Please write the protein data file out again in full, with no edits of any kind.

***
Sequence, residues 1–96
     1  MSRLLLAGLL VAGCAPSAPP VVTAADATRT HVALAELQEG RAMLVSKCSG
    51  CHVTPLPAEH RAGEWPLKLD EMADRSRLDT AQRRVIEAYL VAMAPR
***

Sequence, residues 1–96
     1  MSRLLLAGLL VAGCAPSAPP VVTAADATRT HVALAELQEG RAMLVSKCSG
    51  CHVTPLPAEH RAGEWPLKLD EMADRSRLDT AQRRVIEAYL VAMAPR